top of page

Thrive Conference, April 20, 2018


THRIVE, together with Santa Ana Building Healthy Communities (SABHC), the Delhi Center and additional partners of the Equity for All Workgroup, convened the first annual Santa Ana Thrive Conference on April 20, 2018.  The conference showcased presenters from Santa Ana and throughout the United States who shared tools, models, and valuable experiences in a growing movement, where residents and community members lead economic development to meet local needs.   Models such as community land trusts, worker cooperatives, inclusive transit-oriented development, and urban agriculture were presented as opportunities to re-invent economic development, giving residents and workers decision-making roles, and recognizing their vested interest in providing resources and services in their neighborhoods.  


City officials from Columbus, Missouri, Oakland and Long Beach joined Santa Ana City staff from the Community Development and Public Works departments to discuss the role of government in supporting community-driven development. Professors and researchers from several institutions, including Keynote Speaker UCLA professor Ananya Roy, addressed the exacerbating inequality created by outdated, top-down models of development, and supported alternatives in research such as participatory action research that centers the experiences of those most vulnerable to displacement.  Lastly, presenters called for land management strategies that recognize the role of Indigenous communities and for needed rent stabilization and renters rights to support housing as a human right. This conference was a valuable opportunity to highlight the numerous community-driven strategies already emerging from Santa Ana, to connect to a widespread national movement, and to set the stage for the role that THRIVE Santa Ana will play moving forward.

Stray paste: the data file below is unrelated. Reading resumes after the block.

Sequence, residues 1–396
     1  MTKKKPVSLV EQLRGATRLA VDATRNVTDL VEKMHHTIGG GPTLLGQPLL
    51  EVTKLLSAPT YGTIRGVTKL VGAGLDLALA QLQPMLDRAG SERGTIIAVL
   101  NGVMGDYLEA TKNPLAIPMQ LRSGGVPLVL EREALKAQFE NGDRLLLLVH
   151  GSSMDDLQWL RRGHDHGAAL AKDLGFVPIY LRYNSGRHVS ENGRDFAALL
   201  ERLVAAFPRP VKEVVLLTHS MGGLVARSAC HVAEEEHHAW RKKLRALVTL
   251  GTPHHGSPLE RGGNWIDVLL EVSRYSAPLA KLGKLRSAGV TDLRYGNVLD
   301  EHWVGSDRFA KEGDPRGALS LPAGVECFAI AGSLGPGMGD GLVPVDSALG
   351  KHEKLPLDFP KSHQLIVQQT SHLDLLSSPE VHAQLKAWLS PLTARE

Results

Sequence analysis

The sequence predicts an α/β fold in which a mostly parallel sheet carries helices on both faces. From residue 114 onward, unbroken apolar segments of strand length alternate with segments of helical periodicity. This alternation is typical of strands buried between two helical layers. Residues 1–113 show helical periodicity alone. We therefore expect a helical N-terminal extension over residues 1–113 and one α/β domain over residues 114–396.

In 2015, community-based research continued with The People’s Data project, collaborating with The Kennedy Commission, St. Joseph’s Health System, and local residents to gather data on existing housing and economic conditions.  This latter effort brought forth a report titled “Lacy in Crisis and in Action,” which presents vital data about housing needs in the Lacy neighborhood.

bottom of page